Review Summary: To fellow Australians and the rest of the world; this album begs for your attention...
Finding an album that is worthy of your attention, is like meeting someone attractive, late one night in a crowded bar. Most nights you would stumble around, maybe talk to a few new people but at the end of the night, go home with the safety of friends. But every once in a while you might meet someone different who peaks your interest and you can envision a future with. This is how I treat my music, searching endlessly for that new special album, but if I can’t I’m more than satisfied laying in bed listening to all my favourites. The latest album that I think suits the metaphors above is the debut full length album I Don’t Want To Be Anywhere But Here by local Melbourne rockers Ceres.
After Ceres debut EP Luck made some waves in the indie pop punk scene, the recently released full length builds off all that momentum and adds something extra. I Don’t Want To Be Anywhere But Here opens with the track ‘Jam Song’, which does a great job at establishing the album as a whole. The opener is a slab of warm intimate feeling guitar strums that build up a huge powerful raw expression of emotion. The upbeat drumming and guitar melodies shine over the top of minimal hazy vocals that don’t need to be clear to be appreciated. The short frantic pace of this opener rollicks through the next few tracks and perfectly paints what Ceres are trying to capture with their fresh blend of post-punk /emo pop rock. ‘Middle Names’ wastes little time before a blistering pace is set by the drums and the soft vocals are layered over melodic guitars and heartfelt instrumentals.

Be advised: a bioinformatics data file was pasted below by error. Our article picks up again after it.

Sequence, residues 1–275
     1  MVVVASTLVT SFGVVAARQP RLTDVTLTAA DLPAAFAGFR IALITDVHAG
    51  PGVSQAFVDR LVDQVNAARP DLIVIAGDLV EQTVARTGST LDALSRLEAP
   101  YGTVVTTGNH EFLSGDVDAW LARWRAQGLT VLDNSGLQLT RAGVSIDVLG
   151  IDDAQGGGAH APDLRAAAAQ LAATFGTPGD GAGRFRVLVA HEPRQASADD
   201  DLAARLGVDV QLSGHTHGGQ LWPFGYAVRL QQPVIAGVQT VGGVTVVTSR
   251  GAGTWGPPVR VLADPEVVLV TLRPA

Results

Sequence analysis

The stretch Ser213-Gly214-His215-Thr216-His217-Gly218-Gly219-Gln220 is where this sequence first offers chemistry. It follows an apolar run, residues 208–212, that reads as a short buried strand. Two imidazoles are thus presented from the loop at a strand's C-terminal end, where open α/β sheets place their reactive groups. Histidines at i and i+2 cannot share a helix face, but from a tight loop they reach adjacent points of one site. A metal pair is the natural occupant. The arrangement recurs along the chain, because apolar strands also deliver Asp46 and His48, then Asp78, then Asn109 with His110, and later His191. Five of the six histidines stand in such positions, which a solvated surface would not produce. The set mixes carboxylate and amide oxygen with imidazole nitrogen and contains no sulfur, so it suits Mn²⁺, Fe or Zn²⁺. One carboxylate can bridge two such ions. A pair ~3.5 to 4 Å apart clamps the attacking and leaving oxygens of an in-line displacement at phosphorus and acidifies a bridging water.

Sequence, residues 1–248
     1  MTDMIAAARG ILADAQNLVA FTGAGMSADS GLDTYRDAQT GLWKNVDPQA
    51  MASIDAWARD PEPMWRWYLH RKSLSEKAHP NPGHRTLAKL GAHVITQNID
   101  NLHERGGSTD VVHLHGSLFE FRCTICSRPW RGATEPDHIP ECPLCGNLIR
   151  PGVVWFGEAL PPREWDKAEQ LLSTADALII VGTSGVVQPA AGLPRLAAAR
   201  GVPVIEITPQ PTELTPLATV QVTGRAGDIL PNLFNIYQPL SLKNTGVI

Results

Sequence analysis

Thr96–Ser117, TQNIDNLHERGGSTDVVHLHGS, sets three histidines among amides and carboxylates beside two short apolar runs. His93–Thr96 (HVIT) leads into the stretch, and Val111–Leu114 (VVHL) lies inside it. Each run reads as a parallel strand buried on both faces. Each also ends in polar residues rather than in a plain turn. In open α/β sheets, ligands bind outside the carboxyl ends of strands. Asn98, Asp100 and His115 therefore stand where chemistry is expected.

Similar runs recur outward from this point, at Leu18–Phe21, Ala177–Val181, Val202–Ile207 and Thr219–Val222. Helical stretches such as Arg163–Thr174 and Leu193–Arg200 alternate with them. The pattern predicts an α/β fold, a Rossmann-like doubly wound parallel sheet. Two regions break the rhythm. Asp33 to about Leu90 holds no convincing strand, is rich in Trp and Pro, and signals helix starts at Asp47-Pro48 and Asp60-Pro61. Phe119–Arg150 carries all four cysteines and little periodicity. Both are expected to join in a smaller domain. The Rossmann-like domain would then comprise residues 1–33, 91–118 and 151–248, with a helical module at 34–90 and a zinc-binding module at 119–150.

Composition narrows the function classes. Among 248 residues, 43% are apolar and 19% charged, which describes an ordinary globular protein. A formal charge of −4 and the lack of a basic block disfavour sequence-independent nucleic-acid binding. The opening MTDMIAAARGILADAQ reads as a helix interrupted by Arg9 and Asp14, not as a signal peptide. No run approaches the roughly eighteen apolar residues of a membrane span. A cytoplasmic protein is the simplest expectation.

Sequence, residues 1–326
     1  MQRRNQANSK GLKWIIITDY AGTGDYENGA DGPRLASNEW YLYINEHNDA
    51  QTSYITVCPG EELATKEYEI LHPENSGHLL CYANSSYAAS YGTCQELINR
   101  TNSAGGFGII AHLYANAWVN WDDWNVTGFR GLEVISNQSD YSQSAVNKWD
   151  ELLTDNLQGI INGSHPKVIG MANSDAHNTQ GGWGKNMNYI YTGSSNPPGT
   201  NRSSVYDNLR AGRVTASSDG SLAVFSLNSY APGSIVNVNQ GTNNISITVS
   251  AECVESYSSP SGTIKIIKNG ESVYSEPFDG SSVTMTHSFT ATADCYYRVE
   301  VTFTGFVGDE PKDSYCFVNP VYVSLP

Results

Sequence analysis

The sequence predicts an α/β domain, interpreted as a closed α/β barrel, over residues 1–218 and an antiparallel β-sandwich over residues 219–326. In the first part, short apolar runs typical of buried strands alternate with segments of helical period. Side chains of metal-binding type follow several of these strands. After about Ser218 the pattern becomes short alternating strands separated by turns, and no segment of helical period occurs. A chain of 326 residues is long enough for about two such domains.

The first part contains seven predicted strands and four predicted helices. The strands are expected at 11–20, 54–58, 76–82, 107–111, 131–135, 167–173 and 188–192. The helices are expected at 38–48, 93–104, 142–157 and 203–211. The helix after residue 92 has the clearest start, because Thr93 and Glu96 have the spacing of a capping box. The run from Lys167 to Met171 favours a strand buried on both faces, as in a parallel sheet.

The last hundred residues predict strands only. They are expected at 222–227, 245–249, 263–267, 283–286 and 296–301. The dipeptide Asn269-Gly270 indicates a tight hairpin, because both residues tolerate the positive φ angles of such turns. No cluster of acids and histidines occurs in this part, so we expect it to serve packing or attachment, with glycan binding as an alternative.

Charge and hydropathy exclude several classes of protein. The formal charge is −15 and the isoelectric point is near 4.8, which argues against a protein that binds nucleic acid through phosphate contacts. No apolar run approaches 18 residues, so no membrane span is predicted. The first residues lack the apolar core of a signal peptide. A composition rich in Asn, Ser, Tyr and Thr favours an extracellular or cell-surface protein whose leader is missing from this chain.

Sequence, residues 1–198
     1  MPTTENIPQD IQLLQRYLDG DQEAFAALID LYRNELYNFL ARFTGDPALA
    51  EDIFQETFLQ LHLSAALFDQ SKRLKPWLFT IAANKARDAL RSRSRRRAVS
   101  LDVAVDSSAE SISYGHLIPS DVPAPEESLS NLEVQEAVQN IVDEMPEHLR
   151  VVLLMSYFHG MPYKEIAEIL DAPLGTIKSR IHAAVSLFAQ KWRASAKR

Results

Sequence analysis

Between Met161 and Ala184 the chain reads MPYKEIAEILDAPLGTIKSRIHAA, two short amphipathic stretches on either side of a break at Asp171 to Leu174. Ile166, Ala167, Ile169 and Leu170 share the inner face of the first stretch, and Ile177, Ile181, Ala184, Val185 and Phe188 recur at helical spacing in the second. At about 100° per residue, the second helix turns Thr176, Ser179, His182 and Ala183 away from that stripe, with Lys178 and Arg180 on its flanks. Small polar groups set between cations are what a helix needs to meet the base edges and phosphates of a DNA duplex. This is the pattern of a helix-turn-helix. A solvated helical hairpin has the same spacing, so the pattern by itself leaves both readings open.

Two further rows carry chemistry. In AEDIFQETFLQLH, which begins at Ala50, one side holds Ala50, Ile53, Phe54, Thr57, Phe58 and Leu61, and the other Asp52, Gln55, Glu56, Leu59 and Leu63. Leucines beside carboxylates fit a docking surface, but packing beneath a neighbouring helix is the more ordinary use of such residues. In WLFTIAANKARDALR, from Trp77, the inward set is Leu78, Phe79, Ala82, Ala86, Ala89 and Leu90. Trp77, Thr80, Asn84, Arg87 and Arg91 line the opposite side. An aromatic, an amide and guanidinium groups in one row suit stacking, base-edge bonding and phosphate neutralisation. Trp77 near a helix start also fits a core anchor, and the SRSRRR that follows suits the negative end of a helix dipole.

‘I Feel Fine, I Feel Sick’ is one of the catchier moments on the album and the chorus “I never lie to you, I just bend the truth a little bit.” begs to be screamed by a huge moshing crowd. The album really begins to hit its stride here, with the lyrics are relatable and the music bends and creates a perfect atmosphere for the lead singer Tom Lanyons vocals to shine, whilst never being at the forefront of the music. ‘Try To Keep You’ follows a similar formula where drums swirl around the listeners ears and atmospheric vocal overlays provide some truly satisfying musical moments. The album finishes with a folk inspired guitar before the song ‘Bless The Thief’ allows a slower way to wind down things and again shows off Lanyons thick Aussie accent whilst dispelling some hometown memories.
This is an important release when it comes to the Australian music scene, and has been the first thing to really turn my head since discovering bands like The Smith Street Band and The Bennies. The only thing that feels out of place on this release is the song ‘Three Times’. Although it is one of the best cuts from the album and is a six and half minute epic, I feel should have ended the album. But in the grand scheme of things, it probably doesn’t matter. I Don’t Want To Be Anywhere But Here feels strangely familiar, encompassed in a sense of nostalgia and yet remains completely fresh at the same time. To fellow Australians and the rest of the world; this album begs for your attention, so make sure to offer it a ride home before it leaves the party with someone else.